Checklists are magic. To some, they might appear restrictive or officious. But when you start a logo design project, using a logo checklist means you don’t have to worry about what you might be forgetting. As a designer this allows you to focus on executing your skills and creatively solving the problem. As a client, this logo checklist will help you understand the logo design process, ensure you aren’t missing anything and help you communicate clearly and confidently with your designer.

Logo design checklist
Illustration by OrangeCrush

Before you start

Understand the purpose of a logo

Why do you need a logo? Visual design can help you stand out from the competition by presenting a credible and appealing face for your business. But remember that logos themselves exist for one major reason: to help customers identify your brand, business and product or service. It doesn’t have to express every possible thing about your business or contain seven hidden meanings. You’ll have plenty of opportunities to tell the story of your brand so don’t expect a logo to do all of that for you.

Of course, your logo needs to be aesthetically pleasing and technically correct. Beyond that, logos should be simple, appropriate and distinctive. We’ll review the logo at the first draft stage according to these criteria. But first, make sure you have a clear brief…

Prepare a clear brief

The logo design process should be an enjoyable one for both designer and client. This requires good communication and a solid brief. The brief will outline the project, goals and inspiration so both you and your designer are on the same page. You should include things like a concise description of the organization, explain what you do and who your customers are, list your products, services, or activities and add a little about your particular brand attributes. You want to answer questions like how would you describe your personality as a company? What are your business goals?

Read our guide on how to write an amazing creative brief >>

First look

The first draft stage is where you check the direction and concept of your logo design against your brief to make sure you are on track. You should check the following criteria:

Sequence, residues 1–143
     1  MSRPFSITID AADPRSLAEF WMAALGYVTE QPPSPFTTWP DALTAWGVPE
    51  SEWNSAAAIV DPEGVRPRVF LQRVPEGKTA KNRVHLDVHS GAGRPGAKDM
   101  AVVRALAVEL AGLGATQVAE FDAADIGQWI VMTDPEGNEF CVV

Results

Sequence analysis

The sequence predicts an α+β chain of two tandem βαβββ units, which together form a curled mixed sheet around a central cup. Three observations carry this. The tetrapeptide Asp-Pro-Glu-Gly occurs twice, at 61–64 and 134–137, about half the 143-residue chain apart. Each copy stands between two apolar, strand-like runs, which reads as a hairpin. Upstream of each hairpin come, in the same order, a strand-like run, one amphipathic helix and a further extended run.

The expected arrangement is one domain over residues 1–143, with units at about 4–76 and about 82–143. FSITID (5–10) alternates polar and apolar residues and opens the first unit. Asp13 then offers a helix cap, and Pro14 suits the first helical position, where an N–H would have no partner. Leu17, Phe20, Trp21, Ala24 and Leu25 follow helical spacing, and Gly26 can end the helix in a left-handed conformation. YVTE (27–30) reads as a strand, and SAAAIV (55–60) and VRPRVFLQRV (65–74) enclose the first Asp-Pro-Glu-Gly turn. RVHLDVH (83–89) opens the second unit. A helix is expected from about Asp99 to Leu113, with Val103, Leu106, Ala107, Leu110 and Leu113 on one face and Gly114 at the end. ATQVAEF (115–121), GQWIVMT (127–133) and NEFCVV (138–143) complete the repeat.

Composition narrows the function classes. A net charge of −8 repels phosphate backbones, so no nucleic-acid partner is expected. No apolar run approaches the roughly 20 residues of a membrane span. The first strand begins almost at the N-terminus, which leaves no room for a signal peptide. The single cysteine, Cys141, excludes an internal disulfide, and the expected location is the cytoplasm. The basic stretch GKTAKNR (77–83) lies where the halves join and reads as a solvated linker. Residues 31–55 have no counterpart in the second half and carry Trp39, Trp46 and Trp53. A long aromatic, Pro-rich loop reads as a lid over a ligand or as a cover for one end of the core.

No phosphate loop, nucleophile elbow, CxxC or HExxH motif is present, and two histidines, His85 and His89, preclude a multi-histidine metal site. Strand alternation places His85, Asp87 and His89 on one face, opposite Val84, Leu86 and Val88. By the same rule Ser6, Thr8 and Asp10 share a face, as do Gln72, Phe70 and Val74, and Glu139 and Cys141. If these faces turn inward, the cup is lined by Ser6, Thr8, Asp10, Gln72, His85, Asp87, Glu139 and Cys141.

snake baseball logo
The aggressive appearance and graphic style of this emblem suits sports team by Neatlines

Is it appropriate?

Does it reflect your brand’s personality? Will it appeal to our target audience? Do the fonts, colors and general style match the feeling that we want to evoke? Color psychology suggests that blues are calming, red is passionate, yellow is optimistic, etc.

Fonts too have their own personalities. Serif typefaces (like Georgia or Times New Roman) are more traditional. Sans-serif typefaces (like Arial or Helvetica) are more modern. Keep in mind these two points: there are infinite variations and don’t assume things like a serif font equates with “old.” Invite your designer to explain their type choices in response to the brief.

examples of inappropriate logos
The examples are completely inappropriate! Can you articulate why?

Sometimes instead of thinking if your logo design is appropriate, it might be more helpful to ask if your design is not appropriate. A children’s Nursery shouldn’t appear dangerous. A sleep aid shouldn’t give off a loud look and feel.

Is it simple?

BARA lion logo
A good example of ensuring the logo works in one color before adding more is this design by vfamoso

Ask yourself if the logo is trying to do too much. A poorly designed logo will make you look unprofessional but a great logo alone won’t handle your entire communication strategy. So don’t ask it to. Don’t shoehorn in unnecessary elements. Make sure you have the essential parts of a logo for your brand.

Simple logos look professional and last longer. They leave room for creative expression with other visual elements and are more flexible in applications. If your logo is simple enough, you will be able to answer yes to the following questions: Does it still look good when scaled to a small size? Will it pair well with photography, illustration, patterns, and other elements in layouts? Does it work in black and white? Logos should be designed in black and white first, then color can be added.

African woman illustration
This design would look great on a T-shirt but wouldn’t make for a flexible logo solution by merci dsgn

Naturalistic illustrations are usually not a flexible solution. Detail is lost at small sizes and they cannot always be replicated in different media. The most enduring logos are beautifully simple.

You can update your brand’s visual design over time but the logo itself should be timeless. So it’s wise to avoid trends since they can date quickly.

Is it distinctive?